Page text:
The latest deaths bring to 115 the number of American soldiers killed in Iraq since President Bush declared an end to major combat May 1. Defense Department figures show 114 U.S. soldiers died in the active combat phase, which began March 20.

The Abrams tank was disabled when it was struck by a land mine or a roadside bomb Tuesday night during a patrol near Balad, 45 miles north of Baghdad, said Maj. Josslyn Aberle, a spokeswoman for the 4th Infantry Division. A third crewman was evacuated to a U.S. hospital in Germany, she said.

It was believed to be the first M1 Abrams main battle tank destroyed since the end of major combat May 1. During the active combat phase, several of the 68-ton vehicles—the mainstay of the U.S. Army's armored forces—were disabled in combat.

The latest attacks, including a nighttime mortar barrage in Baghdad, followed a day of violence in which insurgents targeted American forces and Iraqis who work with the occupation authorities. U.S. officials also announced that Baghdad's Deputy Mayor Faris Abdul Razzaq al-Assam was killed Sunday in a drive-by shooting.

The proliferation of attacks on Iraqis allied with the occupation bodes ill for attempts by the U.S.-led authorities to persuade more Iraqis to join in administering the country and play a greater role in providing security. Resistance forces have targeted several prominent figures, including Aquila al-Hashimi, a member of the Governing Council, who was fatally shot Sept. 20.

A spokesman for the multinational division at Camp Babylon said the attack on the Ukrainians occurred when two of their armored personnel carriers rolled over land mines near Suwayrah about 40 miles southeast of Baghdad.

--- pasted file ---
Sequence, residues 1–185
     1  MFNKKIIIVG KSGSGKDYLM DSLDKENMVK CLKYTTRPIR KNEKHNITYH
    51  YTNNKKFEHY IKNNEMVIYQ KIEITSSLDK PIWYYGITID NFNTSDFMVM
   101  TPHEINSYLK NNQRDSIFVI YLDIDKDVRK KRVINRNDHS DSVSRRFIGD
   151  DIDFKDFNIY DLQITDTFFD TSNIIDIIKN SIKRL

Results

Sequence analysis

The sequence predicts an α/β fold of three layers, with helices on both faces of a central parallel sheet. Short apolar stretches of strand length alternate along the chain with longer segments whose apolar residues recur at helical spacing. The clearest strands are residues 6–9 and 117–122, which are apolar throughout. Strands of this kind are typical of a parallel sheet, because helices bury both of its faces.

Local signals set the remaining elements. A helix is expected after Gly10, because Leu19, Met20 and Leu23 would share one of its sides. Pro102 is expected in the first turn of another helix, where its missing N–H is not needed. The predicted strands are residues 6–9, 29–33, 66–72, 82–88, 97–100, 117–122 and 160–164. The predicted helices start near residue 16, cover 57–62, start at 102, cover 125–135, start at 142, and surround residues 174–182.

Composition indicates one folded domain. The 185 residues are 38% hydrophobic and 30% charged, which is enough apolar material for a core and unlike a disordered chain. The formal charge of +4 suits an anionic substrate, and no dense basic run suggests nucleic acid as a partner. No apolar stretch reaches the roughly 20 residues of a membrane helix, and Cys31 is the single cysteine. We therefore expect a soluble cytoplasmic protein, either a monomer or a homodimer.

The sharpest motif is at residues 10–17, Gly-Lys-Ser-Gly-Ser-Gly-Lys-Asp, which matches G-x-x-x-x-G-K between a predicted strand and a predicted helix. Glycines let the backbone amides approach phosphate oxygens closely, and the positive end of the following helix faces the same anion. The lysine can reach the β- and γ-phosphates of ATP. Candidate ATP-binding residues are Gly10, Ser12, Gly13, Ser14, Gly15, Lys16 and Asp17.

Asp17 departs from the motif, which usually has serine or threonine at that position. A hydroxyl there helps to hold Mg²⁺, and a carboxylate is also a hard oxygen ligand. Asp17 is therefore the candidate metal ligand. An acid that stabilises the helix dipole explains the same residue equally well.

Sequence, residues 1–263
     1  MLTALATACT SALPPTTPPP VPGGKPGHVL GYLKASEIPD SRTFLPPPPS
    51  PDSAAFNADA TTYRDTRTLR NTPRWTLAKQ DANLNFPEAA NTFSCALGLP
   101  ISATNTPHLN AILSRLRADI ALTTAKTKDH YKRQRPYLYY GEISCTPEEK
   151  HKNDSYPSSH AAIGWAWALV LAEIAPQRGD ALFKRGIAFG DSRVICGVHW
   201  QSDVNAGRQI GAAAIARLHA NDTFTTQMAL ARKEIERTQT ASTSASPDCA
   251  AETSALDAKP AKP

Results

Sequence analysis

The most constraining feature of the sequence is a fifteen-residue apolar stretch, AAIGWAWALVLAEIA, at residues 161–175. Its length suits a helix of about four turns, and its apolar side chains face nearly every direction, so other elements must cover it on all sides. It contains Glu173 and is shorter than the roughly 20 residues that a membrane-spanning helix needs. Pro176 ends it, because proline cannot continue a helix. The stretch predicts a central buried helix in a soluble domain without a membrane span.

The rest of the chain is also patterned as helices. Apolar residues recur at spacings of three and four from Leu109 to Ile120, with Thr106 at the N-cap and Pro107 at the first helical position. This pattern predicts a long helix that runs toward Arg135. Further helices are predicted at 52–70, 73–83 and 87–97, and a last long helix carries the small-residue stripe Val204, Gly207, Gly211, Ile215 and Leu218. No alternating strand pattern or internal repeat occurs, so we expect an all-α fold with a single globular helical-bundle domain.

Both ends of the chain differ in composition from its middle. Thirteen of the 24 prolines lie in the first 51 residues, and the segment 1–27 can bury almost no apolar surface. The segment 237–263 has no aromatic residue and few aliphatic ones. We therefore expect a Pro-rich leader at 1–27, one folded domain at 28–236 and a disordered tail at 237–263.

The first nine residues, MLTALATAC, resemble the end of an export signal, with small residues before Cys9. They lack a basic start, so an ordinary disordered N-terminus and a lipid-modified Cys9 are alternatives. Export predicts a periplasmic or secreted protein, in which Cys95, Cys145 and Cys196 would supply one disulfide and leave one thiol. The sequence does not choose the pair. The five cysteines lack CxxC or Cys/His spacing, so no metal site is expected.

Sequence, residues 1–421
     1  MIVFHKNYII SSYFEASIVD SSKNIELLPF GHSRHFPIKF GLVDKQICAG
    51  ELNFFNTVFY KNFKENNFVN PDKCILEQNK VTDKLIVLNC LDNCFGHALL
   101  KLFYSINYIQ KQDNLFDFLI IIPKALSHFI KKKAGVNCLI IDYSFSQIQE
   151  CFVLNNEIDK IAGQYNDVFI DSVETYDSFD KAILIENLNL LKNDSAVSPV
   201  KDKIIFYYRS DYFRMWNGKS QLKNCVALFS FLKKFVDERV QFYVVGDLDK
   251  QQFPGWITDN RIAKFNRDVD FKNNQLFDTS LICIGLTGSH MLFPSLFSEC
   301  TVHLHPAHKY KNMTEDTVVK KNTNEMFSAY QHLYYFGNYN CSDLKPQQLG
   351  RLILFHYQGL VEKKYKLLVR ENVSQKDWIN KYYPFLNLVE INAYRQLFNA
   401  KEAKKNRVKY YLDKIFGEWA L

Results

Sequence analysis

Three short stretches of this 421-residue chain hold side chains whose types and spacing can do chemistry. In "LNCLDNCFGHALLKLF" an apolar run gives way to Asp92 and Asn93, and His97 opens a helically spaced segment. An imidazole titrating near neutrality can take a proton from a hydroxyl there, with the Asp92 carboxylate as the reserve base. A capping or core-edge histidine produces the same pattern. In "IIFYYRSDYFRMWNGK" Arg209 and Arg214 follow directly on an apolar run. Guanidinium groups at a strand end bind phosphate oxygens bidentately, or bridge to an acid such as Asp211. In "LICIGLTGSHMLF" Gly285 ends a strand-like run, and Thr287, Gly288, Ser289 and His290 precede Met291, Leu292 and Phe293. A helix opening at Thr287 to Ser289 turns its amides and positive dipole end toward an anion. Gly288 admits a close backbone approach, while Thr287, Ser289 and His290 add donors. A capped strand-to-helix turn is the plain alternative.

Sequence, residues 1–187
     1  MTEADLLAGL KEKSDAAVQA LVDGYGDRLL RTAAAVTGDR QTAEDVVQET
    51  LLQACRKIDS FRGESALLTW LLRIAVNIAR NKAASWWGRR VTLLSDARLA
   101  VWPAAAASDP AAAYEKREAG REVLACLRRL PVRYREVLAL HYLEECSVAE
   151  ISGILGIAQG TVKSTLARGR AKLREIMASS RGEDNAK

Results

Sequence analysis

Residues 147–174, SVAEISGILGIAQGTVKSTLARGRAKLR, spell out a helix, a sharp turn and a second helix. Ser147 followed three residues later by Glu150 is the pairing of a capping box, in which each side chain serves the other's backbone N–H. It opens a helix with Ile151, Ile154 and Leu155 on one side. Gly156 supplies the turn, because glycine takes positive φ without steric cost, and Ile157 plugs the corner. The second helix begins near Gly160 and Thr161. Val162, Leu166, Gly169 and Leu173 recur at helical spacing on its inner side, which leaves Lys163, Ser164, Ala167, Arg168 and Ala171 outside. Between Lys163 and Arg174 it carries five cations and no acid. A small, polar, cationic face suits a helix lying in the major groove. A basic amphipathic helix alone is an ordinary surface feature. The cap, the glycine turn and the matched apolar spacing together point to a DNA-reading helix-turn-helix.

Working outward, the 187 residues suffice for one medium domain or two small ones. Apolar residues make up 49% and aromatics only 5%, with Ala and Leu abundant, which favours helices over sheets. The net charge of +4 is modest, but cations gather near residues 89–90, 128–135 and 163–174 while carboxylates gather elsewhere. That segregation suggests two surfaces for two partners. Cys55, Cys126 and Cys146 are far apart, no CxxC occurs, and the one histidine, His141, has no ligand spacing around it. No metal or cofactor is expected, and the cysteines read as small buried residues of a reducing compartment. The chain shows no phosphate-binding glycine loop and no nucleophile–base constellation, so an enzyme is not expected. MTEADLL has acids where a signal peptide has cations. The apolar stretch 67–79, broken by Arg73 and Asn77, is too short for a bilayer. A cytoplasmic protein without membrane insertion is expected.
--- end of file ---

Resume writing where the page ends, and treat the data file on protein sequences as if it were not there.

After the vehicles were disabled, unidentified gunmen opened fire on the disembarked soldiers, the spokesman said on condition of anonymity.

About 1,650 Ukrainians are serving in the Polish-led stabilization force patrolling central and southern Iraq.

In Baghdad, half a dozen mortar rounds exploded late Tuesday in an upscale Jadriya neighborhood across the Tigris River from the U.S.-led coalition headquarters but caused no damage or casualties, the U.S. military said Wednesday.

One landed in a field close to a palace once occupied by one of Saddam Hussein's daughters, now a headquarters for the U.S. civil-military affairs command. Another struck Baghdad University's College of Physical Education, damaging the wall of an enclosed volleyball court. There were no casualties in the shelling.

In Tikrit, Saddam's hometown, insurgents fired late Tuesday on the south gate at the main U.S. military base there. At least one American soldier from the 4th Infantry Division was wounded, witnesses said. A patrol was sent out to search for the assailants, who fled after firing on the troops from a nearby rooftop.

And a U.S. military convoy was attacked Tuesday night by small arms fire in the northern city of Mosul, the military said. There were no casualties.

Rockets were fired Tuesday night at a U.S. military compound in the oil center of Kirkuk, according to Saleh Sabah, a member of the Iraqi National Accord which has offices near the compound.

Sabah said the U.S. troops returned fire with mortars and blocked all roads leading to their garrison.